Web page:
Date of Award

7-23-2009

Document Type

Open Access Thesis

Degree Name

Medical Doctor (MD)

First Advisor

Stephen Thung

Abstract

Purpose: The objectives of this study are to describe mode of delivery decision making among HIV positive women, understand patient knowledge and attitudes regarding elective cesarean section (ECS) for prevention of mother-to-child transmission of HIV (PMTCT), and in turn quantify the use of ECS for PMTCT at an urban Kenyan maternity hospital. Methods: This is a descriptive cross-sectional study involving the survey of postpartum HIV-infected women delivering at Pumwani Maternity Hospital (PMH) in Nairobi, Kenya. Each participant was interviewed using a standardized questionnaire. Results: 250 women participated in this study over the course of three months. The rate of delivery by ECS for PMTCT was 4.0% (10/250), though 13.6% (34/250) planned this mode of delivery. Planning ECS was positively correlated with higher education levels (OR: 1.46; 95% CI: 1.09-1.94, p=0.028) and markers of higher socio-economic status including having a private toilet (OR: 2.89; 95% CI: 1.43-3.84, p=0.002) and living in a home with greater than one room (OR: 2.89; 95% CI: 1.07-7.80, p=0.033). The strongest correlates of ECS planning included having a surgical history (OR=5.86, 95% CI: 2.92-11.77, p<0.001), attending clinic at PMH (OR=7.85, 95% CI: 4.63-13.30, p<0.001), and knowledge of ECS (OR=24.50, 95% CI: 8.10-93.35, p<0.001). Patient education regarding ECS for PMTCT was limited, and 64% (160/250) of participants had never heard of this PMTCT intervention. Most often cited concerns regarding cesarean section included increased recovery time (66.3%), minor complications (55.4%), and risk of death (48.7%). Post-counseling, 48.0% (120/250) of participants would choose elective cesarean section if offered, while 67.6% (169/250) would opt for this mode of delivery if the cost of ECS was the same as vaginal delivery. Correlates of ECS acceptability included high socioeconomic status (e.g. secondary education OR=1.64, 95% CI: 1.25-2.15, p<0.001; ability to pay for delivery OR=1.40, 95% CI: 1.12-1.76, p=0.003), surgical history (OR=2.79, 95% CI: 1.21-6.43, p=0.011), and attendance at PMH antenatal clinic (OR=3.03, 95% CI: 1.54-5.98 p=0.001). Conclusions: Patient knowledge and uptake of ECS for PMTCT is limited at PMH. Although women are aware of the dangers of ECS, post-counseling acceptability of ECS, especially if the burden of cost is removed, is high.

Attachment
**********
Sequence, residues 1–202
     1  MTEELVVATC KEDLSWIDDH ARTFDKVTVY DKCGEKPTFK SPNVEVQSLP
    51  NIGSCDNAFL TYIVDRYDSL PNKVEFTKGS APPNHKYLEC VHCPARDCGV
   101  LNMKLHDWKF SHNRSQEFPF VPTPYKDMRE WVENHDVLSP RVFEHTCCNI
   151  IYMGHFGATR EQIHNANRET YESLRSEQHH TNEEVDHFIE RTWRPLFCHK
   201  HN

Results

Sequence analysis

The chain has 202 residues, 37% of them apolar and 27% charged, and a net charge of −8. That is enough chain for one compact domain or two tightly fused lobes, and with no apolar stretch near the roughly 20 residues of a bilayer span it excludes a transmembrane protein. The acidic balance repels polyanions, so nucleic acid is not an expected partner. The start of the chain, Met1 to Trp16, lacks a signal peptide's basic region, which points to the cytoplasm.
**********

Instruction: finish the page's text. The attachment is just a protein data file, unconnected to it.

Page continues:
Comments

This is an Open Access Thesis.

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